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Rob Boirun

CEO The Reviewster Network

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Last Updated on November 25, 2021

How to Make Private Browsing on Safari Truly Private

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How to Make Private Browsing on Safari Truly Private

There comes a time when we may be searching online and don’t want the browser to remember our footsteps. The reasons don’t always have to be what we obviously think of as the main reason; for example, sometimes, you may not want Safari to remember your passwords or prompt you to enter your password when surfing the web.

Whatever the reason, we may think that we are totally in the clear with Private Browsing on Safari and the other browsers on a Mac. However, a quick Terminal command can bring up every website you’ve visited. How do you do this? Also, how do you clear your tracks for good? We will provide both answers and more today.

    What Does Private Browsing Do?

    When activated, Private Browsing on Safari prevents your browsing history from being kept in the history tab of the application. Along with this, it doesn’t autofill information that you have saved in the browser. In this mode, you essentially become incognito and any references of previous use is essentially hidden when you are in private mode.

    For example: if you are on Facebook or filling out a form and some information or your login is already filled in in the spaces provided, this is called autofill. It’s activated by simply clicking Safari next to the Apple symbol in the menubar and selecting Private Browsing, then clicking “OK” to the prompt.

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    The reasons behind private mode differ for each individual. While we won’t go into all of those reasons, one thing that is  important to remember is that private browsing doesn’t forget the websites you visit. As we will see later on, Macs keep a second copy of the websites you visit in either mode. If you are in frantic mode looking for a solution to this, look no further.

    The Terminal Archive

    While Safari does a good job of keeping your search history out of prying eyes in the history tab, there is a less-than-obvious way to view a full list of visited websites on Mac. This is done in Terminal; the command-line emulator that allows you to make changes to your Mac.

    Terminal is located in the Utilities folder on your Mac. Once activated, simply add the command:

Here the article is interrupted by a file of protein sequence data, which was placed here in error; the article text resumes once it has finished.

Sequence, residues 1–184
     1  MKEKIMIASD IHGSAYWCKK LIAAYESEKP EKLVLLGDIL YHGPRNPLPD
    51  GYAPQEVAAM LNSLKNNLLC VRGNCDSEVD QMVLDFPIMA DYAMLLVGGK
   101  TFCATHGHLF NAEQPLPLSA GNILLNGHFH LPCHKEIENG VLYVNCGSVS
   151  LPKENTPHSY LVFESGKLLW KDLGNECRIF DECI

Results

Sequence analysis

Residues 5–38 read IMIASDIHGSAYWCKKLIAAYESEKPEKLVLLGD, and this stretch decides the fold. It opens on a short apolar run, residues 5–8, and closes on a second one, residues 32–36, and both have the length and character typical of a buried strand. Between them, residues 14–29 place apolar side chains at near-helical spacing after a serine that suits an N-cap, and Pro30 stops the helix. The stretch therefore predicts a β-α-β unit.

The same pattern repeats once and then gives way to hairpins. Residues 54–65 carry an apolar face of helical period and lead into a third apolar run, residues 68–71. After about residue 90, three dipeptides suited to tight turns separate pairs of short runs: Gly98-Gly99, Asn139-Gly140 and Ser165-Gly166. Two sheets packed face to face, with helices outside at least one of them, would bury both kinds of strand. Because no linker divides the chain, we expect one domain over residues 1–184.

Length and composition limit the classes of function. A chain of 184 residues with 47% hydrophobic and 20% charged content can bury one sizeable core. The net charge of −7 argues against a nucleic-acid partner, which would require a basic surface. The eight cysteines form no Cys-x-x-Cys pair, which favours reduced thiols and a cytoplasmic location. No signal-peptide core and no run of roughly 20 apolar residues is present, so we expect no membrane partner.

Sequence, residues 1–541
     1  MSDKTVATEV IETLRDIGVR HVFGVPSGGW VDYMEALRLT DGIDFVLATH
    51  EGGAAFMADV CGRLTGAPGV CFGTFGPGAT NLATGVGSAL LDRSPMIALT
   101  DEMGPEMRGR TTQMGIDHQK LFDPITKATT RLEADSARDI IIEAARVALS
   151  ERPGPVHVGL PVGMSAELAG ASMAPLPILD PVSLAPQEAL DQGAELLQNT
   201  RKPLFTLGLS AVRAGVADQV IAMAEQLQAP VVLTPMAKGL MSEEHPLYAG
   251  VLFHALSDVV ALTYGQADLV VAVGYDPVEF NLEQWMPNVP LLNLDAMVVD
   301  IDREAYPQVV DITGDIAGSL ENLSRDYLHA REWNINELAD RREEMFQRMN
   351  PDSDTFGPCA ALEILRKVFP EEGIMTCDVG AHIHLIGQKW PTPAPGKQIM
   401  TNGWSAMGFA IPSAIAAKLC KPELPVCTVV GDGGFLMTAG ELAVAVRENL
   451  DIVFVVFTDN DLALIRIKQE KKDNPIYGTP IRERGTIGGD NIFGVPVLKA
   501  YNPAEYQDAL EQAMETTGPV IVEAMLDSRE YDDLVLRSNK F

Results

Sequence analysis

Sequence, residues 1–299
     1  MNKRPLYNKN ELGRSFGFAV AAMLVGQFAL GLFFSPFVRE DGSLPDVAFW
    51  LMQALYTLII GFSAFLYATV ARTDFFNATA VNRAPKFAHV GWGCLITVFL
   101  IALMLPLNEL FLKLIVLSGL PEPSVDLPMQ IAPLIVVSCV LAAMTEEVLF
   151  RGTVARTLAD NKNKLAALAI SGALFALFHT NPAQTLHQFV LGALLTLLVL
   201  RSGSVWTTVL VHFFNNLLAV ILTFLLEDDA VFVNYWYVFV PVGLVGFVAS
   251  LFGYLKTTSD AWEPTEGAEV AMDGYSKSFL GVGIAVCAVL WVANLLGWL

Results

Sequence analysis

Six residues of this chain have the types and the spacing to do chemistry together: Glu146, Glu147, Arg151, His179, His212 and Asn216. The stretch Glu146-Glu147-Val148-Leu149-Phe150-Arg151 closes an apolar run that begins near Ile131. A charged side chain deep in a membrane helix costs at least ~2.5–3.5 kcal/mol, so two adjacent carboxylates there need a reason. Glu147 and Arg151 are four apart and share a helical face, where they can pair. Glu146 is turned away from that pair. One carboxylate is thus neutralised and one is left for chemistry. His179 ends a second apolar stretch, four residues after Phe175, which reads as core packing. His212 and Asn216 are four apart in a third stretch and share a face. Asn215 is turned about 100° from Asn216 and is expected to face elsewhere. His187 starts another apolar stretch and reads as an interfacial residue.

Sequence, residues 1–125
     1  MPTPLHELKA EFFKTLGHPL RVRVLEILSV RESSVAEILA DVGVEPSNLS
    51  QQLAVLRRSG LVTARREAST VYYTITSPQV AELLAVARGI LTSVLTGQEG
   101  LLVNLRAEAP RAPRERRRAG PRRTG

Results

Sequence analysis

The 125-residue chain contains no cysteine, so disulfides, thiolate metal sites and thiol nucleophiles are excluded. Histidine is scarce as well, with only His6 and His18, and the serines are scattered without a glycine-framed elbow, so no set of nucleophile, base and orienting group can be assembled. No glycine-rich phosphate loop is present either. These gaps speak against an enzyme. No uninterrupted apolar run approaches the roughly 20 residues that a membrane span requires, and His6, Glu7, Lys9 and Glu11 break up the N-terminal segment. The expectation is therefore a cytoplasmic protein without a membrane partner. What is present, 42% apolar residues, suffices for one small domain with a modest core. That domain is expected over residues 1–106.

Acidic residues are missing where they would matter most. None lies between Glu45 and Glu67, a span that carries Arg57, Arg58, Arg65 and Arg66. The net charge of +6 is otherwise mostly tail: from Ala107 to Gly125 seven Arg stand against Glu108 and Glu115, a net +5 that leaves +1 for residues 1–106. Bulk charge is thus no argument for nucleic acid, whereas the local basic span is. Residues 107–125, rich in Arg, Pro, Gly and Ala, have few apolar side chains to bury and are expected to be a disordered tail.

dscacheutil -cachedump -entries Host

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    Once you hit “enter”, a list of the visited sites appear. Showing only the domains, the sites appear in a format of:

    Key: h_name :(website domain)ipv4 :1

    However, there’s no need to fear—there is a way you can clear this information from Terminal with a command that’s just as simple.

    Clearing Your Tracks

    Just as simply as you were able to enter the command to view the websites, you can clear the cache that Terminal showed you with the comamnd:

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    dscacheutil -flushcache

    As the command denotes, this literally “flushes” the domains from Terminal. This does not prevent the record from continuing to be recorded for future sites, however, so if that’s an issue for you, repeat this process regularly.

    Other Browsers and Private Browsing

    Other browsers have this form of privacy mode for their service. They promise many of the same things as Safari, but they do not have the same Terminal issue due to how this command only presents websites visited on Safari (the browser Macs come shipped with).

    If you use Firefox, you’ll notice that its private mode is also known as Private Browsing. Chrome calls private mode Incognito, while Internet Explorer refers to it as InPrivate Browsing. Opera is the newest to the scene, denoting it as Private Tab. Safari is the oldest well-known browser with this feature.

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    As you can see, despite Private Browsing not being 100% private, Terminal allows for your browser to be. In what ways has Terminal helped your life or allowed you to become more productive? Let us know in the comments below.

    Featured photo credit: Benjamin Dada via unsplash.com